Mixed martial arts has grown rapidly in popularity in the United States, and fighters come from a variety of disciplines. One fighter was undefeated until last year, and now he’s looking for payback.
Andre Harrison of Valley Stream, New York first became interested in the martial arts when he began wrestling in the seventh grade.
He continued to wrestle through college, and developed an interest in mixed martial arts during his junior year. In November 2012, Harrison turned pro at age 22.
After wrestling, Harrison took an interest in kickboxing. Nevertheless, it’s his wrestling background that helped him transition into mixed martial arts to contend with the physical and psychological challenges of the sport.
“I think the mindset that you have to have in order to make it through a wrestling season is a tough mindset. You’ve got a lot of bumps, a lot of bruises, and injuries that you have to deal with. It’s tough,” Harrison told The Epoch Times.
Mixed martial arts has become nearly as popular as traditional boxing. A poll conducted by the Washington Post and the University of Massachusetts Lowell found that 25 percent of Americans said they were mixed martial arts fans compared with 28 percent saying they were boxing fans.
In a fight, generally three judges score three- or five-round fights. Fighters can win either by unanimous decision by the judges, a split decision by the judges, by knockout, submission, or if the attending physician or referee stops the fight.
Harrison trains two to three times a day to prepare for his fights. He practices striking by training in boxing or kickboxing, and he also works on grappling techniques by practicing wrestling and jiu jitsu.
Depending on the day, he’ll also supplement his training with cardiovascular exercise and strength training.
Harrison also adheres to a healthy diet in order to make weight. He’s in the Featherweight division, which means he must be at or under 145 pounds by fight night.
He doesn’t stick to an excessively strict diet, but he does eat clean. Most importantly, the healthier he eats, the more fuel he has to compete.
“You are what you eat, so if you eat bad food, so to speak, then you’re not going to perform as good as you would if you were to eat good food,” Harrison explained.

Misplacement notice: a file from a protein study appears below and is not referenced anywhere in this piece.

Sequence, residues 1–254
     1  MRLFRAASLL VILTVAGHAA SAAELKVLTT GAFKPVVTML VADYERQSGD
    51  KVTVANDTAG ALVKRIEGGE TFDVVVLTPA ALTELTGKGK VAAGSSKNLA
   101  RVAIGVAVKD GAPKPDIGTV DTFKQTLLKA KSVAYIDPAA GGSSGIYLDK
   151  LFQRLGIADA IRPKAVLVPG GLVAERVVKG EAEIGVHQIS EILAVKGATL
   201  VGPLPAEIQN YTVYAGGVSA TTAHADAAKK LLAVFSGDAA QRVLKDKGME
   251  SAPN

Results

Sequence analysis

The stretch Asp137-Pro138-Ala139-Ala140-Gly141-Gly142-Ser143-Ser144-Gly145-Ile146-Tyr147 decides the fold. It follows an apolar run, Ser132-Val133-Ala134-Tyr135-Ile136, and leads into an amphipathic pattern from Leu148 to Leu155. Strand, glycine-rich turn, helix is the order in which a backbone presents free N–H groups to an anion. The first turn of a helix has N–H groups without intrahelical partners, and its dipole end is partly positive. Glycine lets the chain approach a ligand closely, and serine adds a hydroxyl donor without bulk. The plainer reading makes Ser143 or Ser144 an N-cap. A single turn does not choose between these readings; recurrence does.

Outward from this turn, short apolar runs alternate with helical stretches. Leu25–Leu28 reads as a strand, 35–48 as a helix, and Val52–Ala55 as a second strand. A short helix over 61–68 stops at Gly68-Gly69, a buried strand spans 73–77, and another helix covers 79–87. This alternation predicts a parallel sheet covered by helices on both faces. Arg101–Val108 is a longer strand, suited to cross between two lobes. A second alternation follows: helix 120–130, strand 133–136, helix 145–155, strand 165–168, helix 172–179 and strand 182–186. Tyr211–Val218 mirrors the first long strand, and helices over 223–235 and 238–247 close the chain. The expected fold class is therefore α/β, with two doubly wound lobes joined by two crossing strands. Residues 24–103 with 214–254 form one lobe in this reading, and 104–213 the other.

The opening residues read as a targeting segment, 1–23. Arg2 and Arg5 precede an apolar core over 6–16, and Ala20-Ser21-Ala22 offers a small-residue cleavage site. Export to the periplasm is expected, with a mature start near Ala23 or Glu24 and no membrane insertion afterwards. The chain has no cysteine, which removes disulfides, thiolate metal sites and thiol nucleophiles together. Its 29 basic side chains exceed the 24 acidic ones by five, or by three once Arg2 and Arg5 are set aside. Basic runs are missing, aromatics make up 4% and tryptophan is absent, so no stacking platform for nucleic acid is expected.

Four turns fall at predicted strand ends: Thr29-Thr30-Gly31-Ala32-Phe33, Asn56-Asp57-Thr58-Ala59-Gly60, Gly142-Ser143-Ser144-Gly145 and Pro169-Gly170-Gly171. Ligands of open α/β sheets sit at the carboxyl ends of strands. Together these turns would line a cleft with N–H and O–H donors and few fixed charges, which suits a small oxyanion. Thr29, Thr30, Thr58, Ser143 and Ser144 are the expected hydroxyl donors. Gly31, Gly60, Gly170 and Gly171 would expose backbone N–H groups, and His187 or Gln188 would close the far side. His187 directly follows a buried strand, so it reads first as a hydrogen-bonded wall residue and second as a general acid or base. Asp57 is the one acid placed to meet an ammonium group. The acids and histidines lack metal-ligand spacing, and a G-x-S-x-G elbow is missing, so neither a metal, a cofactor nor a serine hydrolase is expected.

However, after a big win Harrison does find himself with a hankering for certain foods like pizza.
Harrison also keeps himself mentally prepared by sticking to his routine and training.
“It comes through your training. If you do everything that you’re supposed to while you’re training, then you can go into your fight knowing that you’re fully prepared,” Harrison explained.
As a result of his talent and work ethic, Harrison was 20-0 for the majority of his career. His undefeated record was a huge accomplishment, especially considering the level of talent and professionalism in the league. He also always takes one fight at a time.
“You can’t really look past anybody,” Harrison said.
However, last year he lost to another fighter named Lance Palmer by split decision in the semi-finals of the Professional Fighters League championships.
There is no transitive property in mixed martial arts. Harrison had previously defeated Palmer by unanimous decision, but that fight had no bearing on their second encounter. While losing was disappointing, Palmer took the loss in stride.
“You got to learn from it, like you would learn from anything,” Harrison explained.
Harrison will fight next on May 23, 2019 at Nassau Colosseum against Freddy Assuncao of Brazil. While it’s not in his power, Harrison is looking for a rematch with Palmer.
“I’d be very, very happy to fight Palmer again,” Harrison said.